If you have an ACS member number, please enter it here so we can link this account to your membership. (optional)

ACS values your privacy. By submitting your information, you are gaining access to C&EN and subscribing to our weekly newsletter. We use the information you provide to make your reading experience better, and we will never sell your data to third party members.



Catalysis expert explains how gold might slash China’s mercury pollution

Cardiff University’s Graham Hutchings helped develop a gold catalyst that can substitute for a mercury-based one in plastics manufacturing

by Mark Peplow, special to C&EN
May 17, 2017 | A version of this story appeared in Volume 95, Issue 21

Credit: Courtesy of Graham Hutchings
This is a portrait photo of Graham Hutchings.
Credit: Courtesy of Graham Hutchings

Graham Hutchings of Cardiff University made a discovery in 1982 that came to define his career. He predicted that gold—despite its reputation for being inert—should be an excellent catalyst for an industrial reaction that makes vinyl chloride (chloroethene), used to produce one of the world’s most ubiquitous plastics, polyvinyl chloride (PVC).


Hometown: Weymouth, England

Studies: B.S., University College London, 1972; Ph.D., University College London, 1975

Professional highlights: Imperial Chemical Industries, 1975–1984; University of the Witwatersrand, Johannesburg, 1984–1987; University of Liverpool, 1987–1997; Cardiff University, 1997–present

Professional role model: Humphry Davy

Favorite molecule: Chloroauric acid

Hobbies: Walking and reading Scandinavian and South African crime novels

More than three decades later, Hutchings is still working on gold catalysts, and his pioneering research has finally helped gold start replacing the conventional mercury-based catalyst in China’s vinyl chloride plants, stemming a major source of pollution. And just in time: The global Minamata Convention on Mercury requires that starting in 2022, every vinyl chloride plant must be mercury-free. Mark Peplow spoke to Hutchings about his golden quest.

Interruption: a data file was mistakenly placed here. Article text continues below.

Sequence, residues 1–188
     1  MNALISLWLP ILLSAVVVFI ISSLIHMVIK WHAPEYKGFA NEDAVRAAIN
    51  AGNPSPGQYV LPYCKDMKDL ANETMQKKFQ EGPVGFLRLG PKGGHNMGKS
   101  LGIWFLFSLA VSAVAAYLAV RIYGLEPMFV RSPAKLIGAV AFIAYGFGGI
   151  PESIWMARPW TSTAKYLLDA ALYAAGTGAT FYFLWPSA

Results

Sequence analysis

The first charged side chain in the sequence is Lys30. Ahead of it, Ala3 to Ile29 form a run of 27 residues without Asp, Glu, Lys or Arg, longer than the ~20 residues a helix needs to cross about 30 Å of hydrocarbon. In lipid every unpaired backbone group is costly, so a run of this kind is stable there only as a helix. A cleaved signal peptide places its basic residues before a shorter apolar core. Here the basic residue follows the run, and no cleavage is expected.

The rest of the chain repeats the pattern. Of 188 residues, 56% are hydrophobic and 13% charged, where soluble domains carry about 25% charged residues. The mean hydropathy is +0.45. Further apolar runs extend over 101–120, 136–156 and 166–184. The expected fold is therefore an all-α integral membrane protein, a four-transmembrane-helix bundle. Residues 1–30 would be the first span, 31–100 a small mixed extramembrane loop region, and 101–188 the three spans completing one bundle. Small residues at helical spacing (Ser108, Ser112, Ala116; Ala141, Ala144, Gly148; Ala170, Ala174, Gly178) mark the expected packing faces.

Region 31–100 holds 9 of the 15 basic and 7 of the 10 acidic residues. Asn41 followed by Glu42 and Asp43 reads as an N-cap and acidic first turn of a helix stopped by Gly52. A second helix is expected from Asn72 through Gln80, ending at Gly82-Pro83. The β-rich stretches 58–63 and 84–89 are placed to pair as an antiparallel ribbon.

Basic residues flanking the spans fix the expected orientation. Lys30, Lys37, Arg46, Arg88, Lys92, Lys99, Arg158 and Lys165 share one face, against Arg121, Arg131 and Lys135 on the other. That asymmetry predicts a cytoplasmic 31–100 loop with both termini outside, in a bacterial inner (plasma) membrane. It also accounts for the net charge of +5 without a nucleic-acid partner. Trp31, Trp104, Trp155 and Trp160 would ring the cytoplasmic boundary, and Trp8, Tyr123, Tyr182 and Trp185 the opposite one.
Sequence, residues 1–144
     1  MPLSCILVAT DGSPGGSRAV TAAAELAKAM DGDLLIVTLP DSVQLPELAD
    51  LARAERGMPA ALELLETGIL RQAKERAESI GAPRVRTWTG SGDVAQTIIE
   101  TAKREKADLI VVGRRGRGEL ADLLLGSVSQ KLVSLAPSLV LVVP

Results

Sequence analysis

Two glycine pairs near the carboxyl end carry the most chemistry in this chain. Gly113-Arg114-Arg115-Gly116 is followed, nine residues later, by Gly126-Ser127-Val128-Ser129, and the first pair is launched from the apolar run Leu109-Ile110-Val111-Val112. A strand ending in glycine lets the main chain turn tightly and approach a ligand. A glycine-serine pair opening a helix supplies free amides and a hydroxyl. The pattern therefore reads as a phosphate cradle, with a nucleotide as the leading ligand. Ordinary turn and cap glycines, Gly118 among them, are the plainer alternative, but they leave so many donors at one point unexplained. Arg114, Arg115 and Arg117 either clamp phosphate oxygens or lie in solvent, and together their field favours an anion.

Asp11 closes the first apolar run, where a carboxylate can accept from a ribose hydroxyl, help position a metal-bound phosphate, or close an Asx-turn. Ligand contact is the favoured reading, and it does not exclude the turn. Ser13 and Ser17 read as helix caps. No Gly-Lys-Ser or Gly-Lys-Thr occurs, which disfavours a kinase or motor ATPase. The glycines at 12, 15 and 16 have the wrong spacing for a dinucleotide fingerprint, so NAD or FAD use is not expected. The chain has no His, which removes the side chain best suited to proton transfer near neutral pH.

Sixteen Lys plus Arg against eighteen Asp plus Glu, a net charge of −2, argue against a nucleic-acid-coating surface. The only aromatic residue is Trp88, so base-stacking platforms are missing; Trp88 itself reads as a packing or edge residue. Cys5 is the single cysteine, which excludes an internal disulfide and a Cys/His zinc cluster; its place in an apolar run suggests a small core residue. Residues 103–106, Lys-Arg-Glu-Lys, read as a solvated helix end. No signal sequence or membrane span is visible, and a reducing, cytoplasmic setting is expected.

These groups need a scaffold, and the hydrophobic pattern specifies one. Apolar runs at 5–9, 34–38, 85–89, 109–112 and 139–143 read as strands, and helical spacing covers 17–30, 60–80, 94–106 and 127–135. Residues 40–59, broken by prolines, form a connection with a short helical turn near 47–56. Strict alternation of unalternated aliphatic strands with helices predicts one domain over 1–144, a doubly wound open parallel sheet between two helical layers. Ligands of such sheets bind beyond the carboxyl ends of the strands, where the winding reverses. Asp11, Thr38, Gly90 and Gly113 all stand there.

How did this all begin?

I was working for African Explosives & Chemical Industries (AECI) in South Africa, and the company had a process for making vinyl chloride from acetylene and hydrogen chloride that used a mercuric chloride catalyst. The mercury was highly polluting, and the catalyst would last only a few months, so AECI wanted something better. I realized that the activity of metal catalysts in this reaction correlated to their standard electrode potentials—a measure of their tendency to gain or lose electrons—and predicted that gold would be the best catalyst. It was like a eureka moment.

Back then, if you tried to convince people that gold would be a brilliant catalyst, they’d say you weren’t thinking straight because it is the most noble of the metals, and consequently it’s not going to give up electrons easily in a catalytic reaction. But we built a reactor and tested the reaction, and gold was indeed the best.

So how does the catalyst work?

In those days we were dissolving gold metal in aqua regia—a mixture of concentrated nitric and hydrochloric acids—to form chloroauric acid (HAuCl4) and then impregnating those gold cations onto activated carbon. We were using about 2% gold by weight, which is an enormous amount.

The catalyst works by activating the triple bond in acetylene toward an addition reaction with hydrogen chloride gas, and we’ve recently proved that the active form of the catalyst is the Au(I) cation (Science 2017, DOI: 10.1126/science.aal3439).

What happened after your initial discovery?

It was not commercialized in South Africa because AECI couldn’t overcome a problem with deactivation. The carbon reduces cationic gold to metallic gold—Au(0)—making nanoparticles that are inactive. Our small-scale process worked because we were using a solution with an oxidizing agent in it—the aqua regia—so that the gold oxidized back up to Au(I) and Au(III).